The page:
This quote caught my attention, but I wasn't sure why. So I sat still and thought about it for a few minutes. What was Simone Weil trying to say? Hard to know when I don't know anything about her, so I Googled her name and found out that Weil was an early 20th century philosopher and Christian mystic known for her compassion.
Is she saying that most of our 'real' life is, effectively, in our heads? It is what we imagine or it is the stories we tell ourselves that create the world we see and experience? That was my initial interpretation of the sentence. Every individual processes the world through self-created filters - which is why witnesses to an accident or crime will all report seeing different things, even though they watched the same event - and most of these filters are created from ideas that are linked in ways that only the individual will see. It is real to him or her, but it would very likely be fiction or "an active imagination" if described to somebody else.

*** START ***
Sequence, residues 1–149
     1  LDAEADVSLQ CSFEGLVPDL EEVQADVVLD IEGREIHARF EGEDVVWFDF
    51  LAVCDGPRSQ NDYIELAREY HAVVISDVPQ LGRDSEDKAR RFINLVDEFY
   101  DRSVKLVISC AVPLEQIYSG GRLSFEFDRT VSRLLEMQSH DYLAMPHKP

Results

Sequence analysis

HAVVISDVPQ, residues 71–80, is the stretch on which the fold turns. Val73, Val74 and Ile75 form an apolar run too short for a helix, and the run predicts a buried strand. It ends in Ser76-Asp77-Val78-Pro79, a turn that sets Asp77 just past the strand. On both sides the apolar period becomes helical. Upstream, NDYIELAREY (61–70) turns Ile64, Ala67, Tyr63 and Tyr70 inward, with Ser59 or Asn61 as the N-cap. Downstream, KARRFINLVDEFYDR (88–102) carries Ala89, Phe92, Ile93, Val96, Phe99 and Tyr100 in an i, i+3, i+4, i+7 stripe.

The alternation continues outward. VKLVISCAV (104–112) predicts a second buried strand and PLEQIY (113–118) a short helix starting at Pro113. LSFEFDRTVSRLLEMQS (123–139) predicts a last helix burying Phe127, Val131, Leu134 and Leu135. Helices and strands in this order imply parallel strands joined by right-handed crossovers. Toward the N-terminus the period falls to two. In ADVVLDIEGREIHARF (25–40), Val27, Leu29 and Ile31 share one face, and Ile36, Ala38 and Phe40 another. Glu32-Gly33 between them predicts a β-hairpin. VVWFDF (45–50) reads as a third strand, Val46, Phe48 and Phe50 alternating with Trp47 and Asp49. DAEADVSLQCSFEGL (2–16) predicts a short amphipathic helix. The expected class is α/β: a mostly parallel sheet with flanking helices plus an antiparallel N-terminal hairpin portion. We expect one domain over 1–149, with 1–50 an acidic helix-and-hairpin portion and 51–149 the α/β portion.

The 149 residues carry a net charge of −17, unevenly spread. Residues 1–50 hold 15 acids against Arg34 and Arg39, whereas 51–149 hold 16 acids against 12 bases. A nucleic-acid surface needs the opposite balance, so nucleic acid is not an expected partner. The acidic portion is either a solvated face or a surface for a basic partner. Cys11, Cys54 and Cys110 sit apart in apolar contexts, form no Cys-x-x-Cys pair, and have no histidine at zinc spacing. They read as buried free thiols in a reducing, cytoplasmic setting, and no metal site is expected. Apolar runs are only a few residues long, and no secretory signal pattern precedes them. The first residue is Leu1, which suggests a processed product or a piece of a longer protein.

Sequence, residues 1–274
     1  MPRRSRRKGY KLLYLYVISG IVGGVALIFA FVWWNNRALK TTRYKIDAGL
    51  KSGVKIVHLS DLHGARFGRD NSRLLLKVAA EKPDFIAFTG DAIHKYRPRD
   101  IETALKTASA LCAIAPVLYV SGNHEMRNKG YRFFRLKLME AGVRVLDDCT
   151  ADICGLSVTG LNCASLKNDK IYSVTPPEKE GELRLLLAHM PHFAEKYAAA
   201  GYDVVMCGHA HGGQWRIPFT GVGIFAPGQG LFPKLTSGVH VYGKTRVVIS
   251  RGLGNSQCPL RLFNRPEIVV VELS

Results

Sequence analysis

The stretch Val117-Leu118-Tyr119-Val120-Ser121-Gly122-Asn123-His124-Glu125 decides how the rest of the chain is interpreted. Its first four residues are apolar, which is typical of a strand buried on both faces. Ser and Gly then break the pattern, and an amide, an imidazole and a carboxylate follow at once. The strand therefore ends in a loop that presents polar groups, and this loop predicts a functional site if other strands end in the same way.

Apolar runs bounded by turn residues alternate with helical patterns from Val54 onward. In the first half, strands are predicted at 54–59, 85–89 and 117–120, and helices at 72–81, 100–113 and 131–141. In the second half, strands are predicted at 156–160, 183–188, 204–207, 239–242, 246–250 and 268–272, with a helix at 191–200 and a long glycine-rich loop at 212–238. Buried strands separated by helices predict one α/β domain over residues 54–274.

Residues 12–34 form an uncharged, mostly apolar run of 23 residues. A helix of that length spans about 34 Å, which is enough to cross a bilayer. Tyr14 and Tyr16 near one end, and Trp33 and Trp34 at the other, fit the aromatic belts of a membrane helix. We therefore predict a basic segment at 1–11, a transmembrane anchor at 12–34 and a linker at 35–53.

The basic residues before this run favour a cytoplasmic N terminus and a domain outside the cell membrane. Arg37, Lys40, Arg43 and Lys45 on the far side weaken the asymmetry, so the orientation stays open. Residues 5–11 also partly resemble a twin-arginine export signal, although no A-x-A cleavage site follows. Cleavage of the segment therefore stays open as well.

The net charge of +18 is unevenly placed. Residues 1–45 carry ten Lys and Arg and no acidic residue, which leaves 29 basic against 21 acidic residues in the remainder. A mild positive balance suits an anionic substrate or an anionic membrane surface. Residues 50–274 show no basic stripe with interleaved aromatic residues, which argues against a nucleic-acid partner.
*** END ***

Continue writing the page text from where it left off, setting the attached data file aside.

But I'm always very nervous and cagey about trying to understand the profound statements of philosophers, because I always feel that I'm getting it wrong. Maybe she means something completely different! Maybe Weil's simply saying that life can only be real if one engages in creative endeavors, either internally (creating with imagination) or externally (experiencing others' creations through fiction, movies, plays, etc). This seems less correct, like I'm stretch to apply the quote another way.
I collect quotes, but this is why I usually don't try to explain why I like them. I end up feeling confused and flustered, suspect that I don't quite understand what the writer was trying to say, and ultimately decide that maybe I don't like the quote all that much anyway.